It’s not enough that I just don’t believe, I’m an activist for the notion of dismantling religious ideas at their root, which I think further confuses liberal believers. They understand why I would oppose fundamentalism, they often do as well after all, but why would religion as a whole be a problem since many religious people, like themselves, often hold very similar views on a variety of social issues as I do. To understand my problem here lets imagine we put a liberal Christian and a fundamentalist one in a room to discuss a controversial topic like gay marriage. The fundamentalist would likely start by quoting Leviticus 18 or 20 or perhaps Romans 1, the liberal Christian would counter that the fundamentalist has improperly interpreted those passages and bring up passages about love and acceptance, maybe the passage where Paul says we are all the same in Christ.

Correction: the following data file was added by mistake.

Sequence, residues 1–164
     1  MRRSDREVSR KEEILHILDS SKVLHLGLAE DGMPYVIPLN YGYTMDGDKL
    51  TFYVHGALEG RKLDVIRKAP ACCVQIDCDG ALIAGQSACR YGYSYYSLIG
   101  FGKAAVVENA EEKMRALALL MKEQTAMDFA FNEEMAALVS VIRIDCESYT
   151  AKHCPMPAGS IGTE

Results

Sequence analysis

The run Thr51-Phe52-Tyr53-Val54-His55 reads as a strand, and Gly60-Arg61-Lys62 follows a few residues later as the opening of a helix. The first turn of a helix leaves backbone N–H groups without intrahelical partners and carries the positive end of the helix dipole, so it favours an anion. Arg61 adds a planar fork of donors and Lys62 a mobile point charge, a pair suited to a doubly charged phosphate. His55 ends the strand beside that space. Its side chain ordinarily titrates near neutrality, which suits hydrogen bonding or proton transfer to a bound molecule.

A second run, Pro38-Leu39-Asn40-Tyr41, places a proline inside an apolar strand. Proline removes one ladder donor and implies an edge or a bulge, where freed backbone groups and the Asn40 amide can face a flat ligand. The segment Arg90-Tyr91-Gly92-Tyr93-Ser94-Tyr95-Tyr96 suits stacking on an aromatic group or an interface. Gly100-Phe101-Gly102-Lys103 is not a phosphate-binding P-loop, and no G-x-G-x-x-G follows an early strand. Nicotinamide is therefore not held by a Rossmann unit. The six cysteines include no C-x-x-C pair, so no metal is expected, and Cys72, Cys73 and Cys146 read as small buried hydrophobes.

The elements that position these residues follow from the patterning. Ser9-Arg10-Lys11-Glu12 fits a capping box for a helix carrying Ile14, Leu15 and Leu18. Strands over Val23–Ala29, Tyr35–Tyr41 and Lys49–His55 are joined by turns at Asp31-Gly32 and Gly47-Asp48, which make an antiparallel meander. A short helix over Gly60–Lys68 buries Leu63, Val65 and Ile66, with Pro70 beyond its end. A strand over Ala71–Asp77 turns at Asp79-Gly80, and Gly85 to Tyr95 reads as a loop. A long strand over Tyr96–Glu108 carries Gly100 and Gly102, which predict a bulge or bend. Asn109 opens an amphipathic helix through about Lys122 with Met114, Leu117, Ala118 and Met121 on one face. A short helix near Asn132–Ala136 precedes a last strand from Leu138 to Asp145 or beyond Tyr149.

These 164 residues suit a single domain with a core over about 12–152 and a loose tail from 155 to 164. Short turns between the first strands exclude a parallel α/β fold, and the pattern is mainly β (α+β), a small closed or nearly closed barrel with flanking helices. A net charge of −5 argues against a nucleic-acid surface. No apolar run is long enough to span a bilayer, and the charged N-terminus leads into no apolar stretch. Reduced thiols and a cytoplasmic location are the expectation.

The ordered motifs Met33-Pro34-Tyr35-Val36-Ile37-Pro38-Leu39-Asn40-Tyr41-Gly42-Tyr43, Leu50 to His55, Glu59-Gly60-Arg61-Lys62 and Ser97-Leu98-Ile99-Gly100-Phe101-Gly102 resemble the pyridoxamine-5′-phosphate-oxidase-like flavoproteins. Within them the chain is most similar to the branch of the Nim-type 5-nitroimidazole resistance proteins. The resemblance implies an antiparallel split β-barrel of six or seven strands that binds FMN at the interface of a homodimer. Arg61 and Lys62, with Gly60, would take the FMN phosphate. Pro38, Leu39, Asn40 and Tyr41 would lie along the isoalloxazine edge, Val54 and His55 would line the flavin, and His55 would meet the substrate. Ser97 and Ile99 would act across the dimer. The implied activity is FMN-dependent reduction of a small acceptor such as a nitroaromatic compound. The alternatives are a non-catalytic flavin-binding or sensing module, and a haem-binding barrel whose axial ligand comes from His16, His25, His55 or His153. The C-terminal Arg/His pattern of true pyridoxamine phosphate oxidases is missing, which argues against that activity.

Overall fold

If you notice that this conversation does not seem to ever reference any gay people and how they feel about this they you start to understand my issue here. Both groups are defining “the good” in terms of what god wants for us. They don’t agree on what that is, but both think it is of paramount importance. The liberal Christian has taken a position that I’m more likely to agree with, but it’s based upon a rational which I totally reject. A rational which, by the way, differs very little from that of the fundamentalist. Both are still appealing to an extrinsic source to understand things like meaning and ethics. I not only think this is wrong, I think it is incredibly harmful to a real and productive discussion of these things. A few years ago, after I had already become an atheist I started thinking about these questions and came to the conclusion that religion, by trying to find meaning in extrinsic sources, was selling us short and hampering real progress on these issues. I couldn’t leave this alone because while it’s important that we believe the right things it is even more important that we believe them for the right reasons. Which is ultimately why I became an atheist rather than a liberal Christian. I didn’t just reject the fundamentalist position on gay marriage, I rejected the entire system of ethics and ontology that they used to reach those conclusions in the first place.